"I don't really like hanging out with musicians. [I]t's hard to really talk about anything. Sitting and talking about Peavey amps is not my thing."
September 13, 1999
They have been the subject of controversy and even accused of blasphemy, but Canongate's set of "mini-bibles" look set to continue their remarkable success when the second wave of books is released in November.
First published last year, the Pocket Canons -- excerpts from the King James Bible given enlightening and thought-provoking prologues by contemporary figures -- have sold more than 900,000 copies.
For Canongate, the small publishing house based in Edinburgh and run by Jamie Byng, the books have proved to be a boon financially, and significantly raised its profile within the publishing world.
With their sepia-tinted, artful covers and low price, the Pocket Canons have become familiar birthday and Christmas presents and inspired much debate over the relevance of the Bible in modern society.
Now the "second coming" of the books is set to be released, featuring introductions from a number of leading writers and one literate rock star -- Bono, the lead singer with U2.
Bono, real name Paul Hewson, has written the introduction to Psalms, while the leading Scottish writer Alasdair Gray has written one for the books of Jonah, Micah and Nahum. Other books include Ruth and Esther, introduced by Joanna Trollope, Isaiah by Peter Ackroyd, Romans by Ruth Rendell, Acts of the Apostles by P.D. James, Hebrews by Karen Armstrong, Samuel by Meir Shalev and Wisdom by Piers Paul Read.
In his introduction, Bono writes how he was a fan of the biblical figure of David as a child, who felt as familiar as a pop star to him when young.
He writes about the psalms as if they were the first blues songs, expressing feelings of abandonment and displacement, and states that David was the "Elvis of the Bible."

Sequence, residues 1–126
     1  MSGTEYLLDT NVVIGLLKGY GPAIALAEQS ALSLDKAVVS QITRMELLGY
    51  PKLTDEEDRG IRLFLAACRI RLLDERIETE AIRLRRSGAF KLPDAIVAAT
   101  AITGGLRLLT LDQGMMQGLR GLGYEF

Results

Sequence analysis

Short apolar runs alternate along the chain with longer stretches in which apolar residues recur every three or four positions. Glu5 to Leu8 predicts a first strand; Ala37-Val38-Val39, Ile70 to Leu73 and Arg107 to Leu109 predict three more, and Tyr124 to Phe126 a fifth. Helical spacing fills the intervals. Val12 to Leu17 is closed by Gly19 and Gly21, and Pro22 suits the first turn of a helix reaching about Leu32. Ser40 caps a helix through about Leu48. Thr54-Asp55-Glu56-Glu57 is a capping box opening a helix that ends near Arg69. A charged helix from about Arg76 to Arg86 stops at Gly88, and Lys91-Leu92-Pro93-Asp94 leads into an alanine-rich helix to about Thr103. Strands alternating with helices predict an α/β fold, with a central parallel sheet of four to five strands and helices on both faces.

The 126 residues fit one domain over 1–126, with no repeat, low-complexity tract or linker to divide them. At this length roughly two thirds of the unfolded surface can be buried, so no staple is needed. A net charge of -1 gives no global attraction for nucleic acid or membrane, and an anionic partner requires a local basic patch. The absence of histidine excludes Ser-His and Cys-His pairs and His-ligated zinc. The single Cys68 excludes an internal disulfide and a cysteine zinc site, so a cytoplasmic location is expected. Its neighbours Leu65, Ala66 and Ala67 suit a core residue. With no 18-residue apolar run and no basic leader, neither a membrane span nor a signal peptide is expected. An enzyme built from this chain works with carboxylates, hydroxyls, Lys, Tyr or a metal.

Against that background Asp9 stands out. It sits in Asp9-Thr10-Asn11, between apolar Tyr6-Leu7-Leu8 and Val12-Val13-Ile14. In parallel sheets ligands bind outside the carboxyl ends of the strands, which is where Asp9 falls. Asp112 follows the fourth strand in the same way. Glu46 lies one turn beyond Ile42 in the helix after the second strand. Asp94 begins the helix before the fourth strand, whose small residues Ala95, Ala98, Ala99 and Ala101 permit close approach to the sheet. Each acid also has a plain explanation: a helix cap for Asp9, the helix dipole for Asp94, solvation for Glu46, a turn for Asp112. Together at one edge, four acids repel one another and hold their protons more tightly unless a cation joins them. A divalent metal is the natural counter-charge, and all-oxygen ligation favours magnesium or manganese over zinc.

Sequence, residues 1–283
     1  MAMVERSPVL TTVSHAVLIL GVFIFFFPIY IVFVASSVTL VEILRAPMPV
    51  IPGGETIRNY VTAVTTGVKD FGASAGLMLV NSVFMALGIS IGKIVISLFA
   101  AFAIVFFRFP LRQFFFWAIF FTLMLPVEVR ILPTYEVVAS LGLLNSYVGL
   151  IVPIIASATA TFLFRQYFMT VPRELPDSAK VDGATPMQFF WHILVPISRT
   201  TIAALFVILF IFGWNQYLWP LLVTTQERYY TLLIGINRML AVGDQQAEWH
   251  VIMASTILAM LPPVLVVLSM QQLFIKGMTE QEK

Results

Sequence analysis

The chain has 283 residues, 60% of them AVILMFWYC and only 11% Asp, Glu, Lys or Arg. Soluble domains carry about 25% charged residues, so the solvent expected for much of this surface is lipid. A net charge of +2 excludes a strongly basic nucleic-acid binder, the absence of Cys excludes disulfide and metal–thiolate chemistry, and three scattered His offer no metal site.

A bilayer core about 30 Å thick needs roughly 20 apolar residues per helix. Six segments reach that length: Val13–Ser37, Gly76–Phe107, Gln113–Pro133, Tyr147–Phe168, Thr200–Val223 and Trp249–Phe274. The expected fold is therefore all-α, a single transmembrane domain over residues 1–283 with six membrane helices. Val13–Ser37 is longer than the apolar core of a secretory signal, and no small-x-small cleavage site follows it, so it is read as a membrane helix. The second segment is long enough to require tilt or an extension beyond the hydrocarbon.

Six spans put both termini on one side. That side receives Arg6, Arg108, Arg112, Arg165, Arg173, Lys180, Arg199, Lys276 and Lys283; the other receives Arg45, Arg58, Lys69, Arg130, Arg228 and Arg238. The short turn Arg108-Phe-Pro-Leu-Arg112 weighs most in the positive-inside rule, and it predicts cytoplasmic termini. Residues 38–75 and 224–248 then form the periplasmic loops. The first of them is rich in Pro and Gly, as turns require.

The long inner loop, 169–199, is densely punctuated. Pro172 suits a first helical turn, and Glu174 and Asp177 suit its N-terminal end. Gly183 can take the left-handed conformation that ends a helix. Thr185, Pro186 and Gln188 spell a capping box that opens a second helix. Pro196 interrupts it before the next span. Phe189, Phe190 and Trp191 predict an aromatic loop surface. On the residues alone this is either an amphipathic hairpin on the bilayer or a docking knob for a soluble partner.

Bono writes about his earliest contact with the Bible's psalms, and how they contrasted with his experiences in the Troubles of Ireland. He writes: "I began to see religion as a perversion of faith;" the faith, he writes, that was inspired by the "blues" of the psalms.
Indeed, Bono's familiarity with the book of Psalms led to U2 performing a song called 40 for many years, based on Psalm 40, with its refrain of "how long?"
Alasdair Gray, in his introduction to Jonah, writes of how the God of the Old Testament has been ignored in modern times.
"Jesus learned from Jonah, Micah and Nahum what governments of Britain and the USA refuse to learn from Jesus," he writes.
Ruth Rendell's prologue to Romans emphasises the "genius" of St Paul. "(Romans) is a blueprint for Christianity.
"Believers and non-believers alike cannot help but be stricken with awe by its temerity and Paul's genius," she writes.
Mr. Byng is hoping the second series of books will replicate the success of the first.
They included a description of God as a "mad, bloodthirsty and capricious despot" by the novelist Louis de Bernieres, and Will Self asserted that the Book of Revelations was a "sick text" and "the stuff of modern psychotic nightmare."
They raised such controversy that a Christian lawyer from England, Tony Bennett, threatened to take Canongate to court on a charge of blasphemous libel, and claimed the books were deeply upsetting to believers.
However, the overwhelming success of the books signalled that Mr. Bennett's views were not held by many.
Last night, Mr. Byng was happy to comment on this year's series, which has caused a flurry of activity among the media attempting to land the rights to the full texts.
"I thought Bono's piece was excellent, indeed they are all good," he said. "I don't think anyone's made the link between the blues and the psalms before. A mutual friend introduced me to Bono and we spent some time on a plane and he had so many interesting ideas about Psalms that I asked him to write the introduction.
"The last set of books had an excellent piece by the singer Nick Cave and sometimes you do find it is the non-writers that turn out the best."
Mr. Byng said that the success of the Pocket Canons showed that ideas were still important in a publishing industry that sometimes appears to be dominated by money and large advances for "big name" authors.
* The new Pocket Canons are released on 1 November.
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